Tuesday, July 19, 2016

Duck with Wild Mushrooms

We've previously prepared duck ragus using duck legs, now its time to use some other parts of the duck.  In the San Francisco/East Bay area, we get great duck parts at Berkeley Bowl, Barrons Meats and Poultry in the Alameda Marketplace, and the Golden Gate Meat Company in the San Francisco Ferry Building.

We have several favorite duck breast recipes, including Spice Rubbed with Grilled Peaches and Goat Cheese Salad, Seared with a Balsamic-Cherry Reduction, and Crispy with Glazed Carrots.  But, today, we're going with an old favorite, Sauteed with Wild Mushrooms from Bistro:  The Best of Casual French Cooking.

We head over the the Ferry Building (treating ourselves to a trip to San Francisco) for a thick, plump Muscovy duck breast (one is enough to feed the two of us).  I score the breast in a cross-hatch pattern, rub with salt and pepper, and cook over medium heat in an ovenproof sauté pan, skin side down.  After 2-3 minutes, when the duck breast is sizzling, I put the sauté pan into a 400º oven for around ten minutes.  Then, I turn turn the breast over and continue to cook in the oven for about five more minutes, after which I remove it from the pan and keep it warm.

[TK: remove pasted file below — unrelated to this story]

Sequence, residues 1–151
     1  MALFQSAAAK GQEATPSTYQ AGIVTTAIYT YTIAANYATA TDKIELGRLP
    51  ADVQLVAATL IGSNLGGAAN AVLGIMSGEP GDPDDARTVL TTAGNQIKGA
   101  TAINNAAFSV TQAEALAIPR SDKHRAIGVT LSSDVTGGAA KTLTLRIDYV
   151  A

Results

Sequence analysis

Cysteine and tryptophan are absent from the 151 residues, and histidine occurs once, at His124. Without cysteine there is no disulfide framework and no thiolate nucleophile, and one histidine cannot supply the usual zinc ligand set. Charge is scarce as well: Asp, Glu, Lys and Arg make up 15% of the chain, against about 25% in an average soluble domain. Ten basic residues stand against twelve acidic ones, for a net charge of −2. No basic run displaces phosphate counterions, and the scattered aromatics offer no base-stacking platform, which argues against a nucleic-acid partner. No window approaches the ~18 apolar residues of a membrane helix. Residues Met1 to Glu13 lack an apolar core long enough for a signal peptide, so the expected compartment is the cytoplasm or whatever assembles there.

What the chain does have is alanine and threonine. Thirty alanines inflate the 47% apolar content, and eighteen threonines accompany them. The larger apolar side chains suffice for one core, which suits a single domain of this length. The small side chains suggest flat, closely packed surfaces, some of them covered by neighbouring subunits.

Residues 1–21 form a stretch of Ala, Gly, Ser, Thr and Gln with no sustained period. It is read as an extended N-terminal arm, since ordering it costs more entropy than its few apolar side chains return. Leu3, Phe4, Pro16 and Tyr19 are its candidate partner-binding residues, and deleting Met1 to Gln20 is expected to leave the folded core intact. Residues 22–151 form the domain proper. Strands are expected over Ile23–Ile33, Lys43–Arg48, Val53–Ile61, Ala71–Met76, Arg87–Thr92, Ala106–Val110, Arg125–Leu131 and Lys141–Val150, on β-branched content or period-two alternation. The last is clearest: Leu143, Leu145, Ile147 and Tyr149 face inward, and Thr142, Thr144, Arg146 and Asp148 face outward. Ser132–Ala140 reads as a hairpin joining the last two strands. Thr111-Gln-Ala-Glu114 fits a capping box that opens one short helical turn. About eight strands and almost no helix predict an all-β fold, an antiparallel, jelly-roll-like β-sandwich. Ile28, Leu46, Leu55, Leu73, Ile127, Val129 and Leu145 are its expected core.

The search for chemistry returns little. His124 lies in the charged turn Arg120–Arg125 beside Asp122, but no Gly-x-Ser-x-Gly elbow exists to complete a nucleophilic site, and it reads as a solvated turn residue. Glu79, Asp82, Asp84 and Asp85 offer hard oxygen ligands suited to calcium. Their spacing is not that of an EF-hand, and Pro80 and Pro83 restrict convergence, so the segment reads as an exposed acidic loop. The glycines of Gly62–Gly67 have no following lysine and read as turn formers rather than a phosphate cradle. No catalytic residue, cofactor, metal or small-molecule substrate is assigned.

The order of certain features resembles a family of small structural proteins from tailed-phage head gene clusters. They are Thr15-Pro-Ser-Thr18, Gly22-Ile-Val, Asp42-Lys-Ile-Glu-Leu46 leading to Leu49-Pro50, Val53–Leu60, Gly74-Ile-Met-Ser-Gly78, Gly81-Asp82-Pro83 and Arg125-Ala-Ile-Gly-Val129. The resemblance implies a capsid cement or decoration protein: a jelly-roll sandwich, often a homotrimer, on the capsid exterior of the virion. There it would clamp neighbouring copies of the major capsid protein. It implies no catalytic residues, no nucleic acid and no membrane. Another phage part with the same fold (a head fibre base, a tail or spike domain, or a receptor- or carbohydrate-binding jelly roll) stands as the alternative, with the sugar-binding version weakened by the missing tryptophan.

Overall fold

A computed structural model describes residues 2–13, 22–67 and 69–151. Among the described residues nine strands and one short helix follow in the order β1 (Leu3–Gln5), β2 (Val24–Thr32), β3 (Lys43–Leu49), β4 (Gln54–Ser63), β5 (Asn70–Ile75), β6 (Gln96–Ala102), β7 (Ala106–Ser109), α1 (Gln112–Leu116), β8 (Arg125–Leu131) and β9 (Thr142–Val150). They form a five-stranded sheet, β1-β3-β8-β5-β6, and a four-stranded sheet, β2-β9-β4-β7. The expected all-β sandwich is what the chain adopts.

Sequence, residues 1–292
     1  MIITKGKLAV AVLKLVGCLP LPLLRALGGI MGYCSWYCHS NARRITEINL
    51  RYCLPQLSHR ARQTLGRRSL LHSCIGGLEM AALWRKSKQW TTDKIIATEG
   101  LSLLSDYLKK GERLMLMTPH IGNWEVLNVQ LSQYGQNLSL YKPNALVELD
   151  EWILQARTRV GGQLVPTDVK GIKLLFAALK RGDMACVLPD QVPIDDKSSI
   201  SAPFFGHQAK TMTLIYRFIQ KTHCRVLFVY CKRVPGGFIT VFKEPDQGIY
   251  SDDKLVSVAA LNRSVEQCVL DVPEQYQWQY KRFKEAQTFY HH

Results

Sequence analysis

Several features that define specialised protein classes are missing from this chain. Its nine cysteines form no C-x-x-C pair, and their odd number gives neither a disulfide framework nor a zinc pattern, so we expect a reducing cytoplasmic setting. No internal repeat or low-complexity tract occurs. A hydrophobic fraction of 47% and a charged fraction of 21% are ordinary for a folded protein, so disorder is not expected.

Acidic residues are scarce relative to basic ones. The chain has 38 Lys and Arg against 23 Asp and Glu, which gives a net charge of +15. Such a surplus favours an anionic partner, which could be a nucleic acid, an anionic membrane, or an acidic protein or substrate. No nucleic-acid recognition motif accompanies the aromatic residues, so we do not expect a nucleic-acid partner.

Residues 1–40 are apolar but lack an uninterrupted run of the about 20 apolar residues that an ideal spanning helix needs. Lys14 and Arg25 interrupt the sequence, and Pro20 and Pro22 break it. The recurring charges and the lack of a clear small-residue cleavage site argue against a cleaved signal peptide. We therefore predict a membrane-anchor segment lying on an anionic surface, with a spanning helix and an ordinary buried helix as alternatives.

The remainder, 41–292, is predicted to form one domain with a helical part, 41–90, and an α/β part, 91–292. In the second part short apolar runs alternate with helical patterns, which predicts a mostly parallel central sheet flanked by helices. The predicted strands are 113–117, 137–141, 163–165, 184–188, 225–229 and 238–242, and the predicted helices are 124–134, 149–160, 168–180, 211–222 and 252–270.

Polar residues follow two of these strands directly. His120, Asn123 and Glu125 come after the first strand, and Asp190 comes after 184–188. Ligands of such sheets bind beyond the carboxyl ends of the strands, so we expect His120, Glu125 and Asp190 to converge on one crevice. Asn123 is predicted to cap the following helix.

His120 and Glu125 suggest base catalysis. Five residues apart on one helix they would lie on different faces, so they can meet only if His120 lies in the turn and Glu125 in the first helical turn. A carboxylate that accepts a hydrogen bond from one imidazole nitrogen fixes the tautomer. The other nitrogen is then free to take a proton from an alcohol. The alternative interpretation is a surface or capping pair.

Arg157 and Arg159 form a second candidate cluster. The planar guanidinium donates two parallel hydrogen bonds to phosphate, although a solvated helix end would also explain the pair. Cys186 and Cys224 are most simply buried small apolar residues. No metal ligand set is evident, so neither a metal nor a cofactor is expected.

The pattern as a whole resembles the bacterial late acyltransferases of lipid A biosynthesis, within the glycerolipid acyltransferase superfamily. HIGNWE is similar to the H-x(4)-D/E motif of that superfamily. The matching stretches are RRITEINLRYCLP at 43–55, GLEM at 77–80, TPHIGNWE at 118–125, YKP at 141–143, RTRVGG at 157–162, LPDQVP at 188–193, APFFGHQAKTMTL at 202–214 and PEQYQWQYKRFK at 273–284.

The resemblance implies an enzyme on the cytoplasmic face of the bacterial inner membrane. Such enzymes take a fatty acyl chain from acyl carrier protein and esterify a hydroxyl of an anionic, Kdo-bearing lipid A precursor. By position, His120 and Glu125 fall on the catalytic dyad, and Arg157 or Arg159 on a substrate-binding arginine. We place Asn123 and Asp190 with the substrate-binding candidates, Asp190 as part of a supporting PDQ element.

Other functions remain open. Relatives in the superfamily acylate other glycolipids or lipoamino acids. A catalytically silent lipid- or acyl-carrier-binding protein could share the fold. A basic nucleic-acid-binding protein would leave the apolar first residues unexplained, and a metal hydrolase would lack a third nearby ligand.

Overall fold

Duck breast roasting in the oven

We head over the Nob Hill Foods in Alameda for mushroom (Far West Fungi at the San Francisco Ferry building is also great, but we forgot to stop there when we picked up the duck breast), looking for 1/2 pound each of chantarelle, oyster, and shitake.  However, whatever looks good at the store is best and this time we end up with oyster, portobello, and white button mushrooms.  We coarsely chop all the mushrooms, and using the same sauté pan (after pouring out the duck fat and replacing it with a pour of olive oil and 1/2 stick of butter), we sauté several chopped shallots and garlic and add the mushrooms, cooking a few minutes until they begin to soften.

Ingredients for the mushroom sauté

And, sautéing in the pan

And, by now, the kitchen smells really good!

After the mushrooms have softened, we add 1/3 cup of white wine, a cup of chicken stock (the recipe calls for veal stock, but we rarely have that around the house), bring it to a boil, then simmer for five minutes.

Back to the duck (this is a dish about duck), we slice the breasts, spoon the mushrooms onto warmed plates and arrange the duck breast slices on top.

Ready for slicing

The explosion of complementary tastes is incredible and we come back to this dish over and over.  Enjoy!

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